Genius is in the Details: Artwork and Macro Photography

Posted on Posted in Art

In any art gallery in the world, you will see visitors standing as close as possible (without alarming the security guard) to the works of art – leaning in to try and see every brush stroke, dollop of light or shadow. We are fascinated by the details and how they reflect the artist’s intention and technique. Today’s art lovers can see more than any previous generation; macro photography can zoom right in on the canvas. For example, I recently imaged this landscape painting by Canadian artist, Dylan Swan.

The world of art benefits from macro photography in more ways than enhancing the public’s viewing pleasure. (Make no mistake, though, there is a lot at stake for art galleries and museums to differentiate themselves and draw more visitors.) Art conservation and analysis, and keeping a digital record of a valuable art collection, are other compelling reasons to turn to macro imaging.

Photography is an important tool for the art conservator; however, the resolution of current digital photographic technologies limit the application of this approach.  New developments in hardware and software allow for the creation of very high resolution digital records of works of art that provide more data to inform analysis and restoration work.

Recently I was a guest lecturer at Queen’s University Department of Art History & Art Conservation. I was presenting on how our Magnify2 imaging system works, and how the extremely high resolution images can be used in the art world. While touring the art restoration labs Norman Paul, Adjunct Professor, Imaging & Documentation, pointed out several pieces at various stages of restoration and explained the importance of accurate digital records of the starting condition, each step of the process and the final result; this documentation then becomes a part of the provenance of the artwork.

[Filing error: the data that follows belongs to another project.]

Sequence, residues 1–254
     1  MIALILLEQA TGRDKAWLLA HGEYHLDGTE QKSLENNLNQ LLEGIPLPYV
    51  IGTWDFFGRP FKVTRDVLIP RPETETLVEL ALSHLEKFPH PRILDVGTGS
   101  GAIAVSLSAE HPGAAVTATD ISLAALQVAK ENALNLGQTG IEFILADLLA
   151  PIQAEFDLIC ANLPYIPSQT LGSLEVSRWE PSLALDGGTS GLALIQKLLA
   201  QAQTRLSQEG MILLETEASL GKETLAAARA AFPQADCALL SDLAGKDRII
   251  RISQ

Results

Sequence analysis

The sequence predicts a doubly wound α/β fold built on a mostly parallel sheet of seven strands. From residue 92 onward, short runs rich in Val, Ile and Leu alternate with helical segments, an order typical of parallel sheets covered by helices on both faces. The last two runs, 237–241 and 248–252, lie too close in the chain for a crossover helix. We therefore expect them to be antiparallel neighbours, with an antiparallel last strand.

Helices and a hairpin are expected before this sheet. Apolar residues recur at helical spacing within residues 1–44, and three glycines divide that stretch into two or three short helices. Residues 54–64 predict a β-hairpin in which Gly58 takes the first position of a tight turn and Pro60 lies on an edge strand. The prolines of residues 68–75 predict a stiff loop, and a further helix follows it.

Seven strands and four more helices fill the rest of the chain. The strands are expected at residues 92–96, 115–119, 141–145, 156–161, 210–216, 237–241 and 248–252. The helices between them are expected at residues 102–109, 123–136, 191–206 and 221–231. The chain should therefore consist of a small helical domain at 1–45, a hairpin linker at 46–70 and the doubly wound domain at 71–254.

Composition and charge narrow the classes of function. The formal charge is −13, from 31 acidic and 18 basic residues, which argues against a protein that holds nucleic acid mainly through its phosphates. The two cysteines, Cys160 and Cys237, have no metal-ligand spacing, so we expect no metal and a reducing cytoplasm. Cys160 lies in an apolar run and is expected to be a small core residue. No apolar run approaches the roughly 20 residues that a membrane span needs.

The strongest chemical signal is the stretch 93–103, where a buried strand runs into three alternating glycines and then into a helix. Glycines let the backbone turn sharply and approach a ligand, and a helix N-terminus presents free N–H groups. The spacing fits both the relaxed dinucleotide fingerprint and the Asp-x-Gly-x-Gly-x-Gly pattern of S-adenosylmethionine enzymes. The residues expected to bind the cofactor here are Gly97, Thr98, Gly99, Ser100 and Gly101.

During my presentation we discussed how digital imaging contributes to the art world in three ways:


  • digital record
  • record each step of restoration


  • Authenticate
  • Analyze brush/tool marks
  • Prepare for restoration
  • Sharing worldwide


  • Online access anytime anywhere
  • Interactive gallery exhibits “touch the art”

There are many methods of digitizing artwork, including standard digital photography, scanners and high-resolution imaging solutions, that have the following advantages:

  • One image can serve multiple applications – the same image can be used for detailed conservation analysis of every spec of paint, sharing with experts online, in gallery interactive displays and online galleries to expand the reach of a gallery’s collection
  • Longer useful life of images – Many galleries restart their digitization efforts every 5 years or so because of advances in technology.  With the Magnify2 system, artworks are imaged in the gigapixel range so they won’t be out of date in just a few years.
  • Efficient use of resources – 90% of the imaging process is automated, including capture and post processing, so your staff can be doing other things while the system works.  In fact the system is designed to operate lights out so your capture time is virtually 24 hours a day, not just the 8 hours a day that your staff are onsite.

We love working with art galleries and museums who understand, like us, that the genius is in the details!

Contact us to learn more!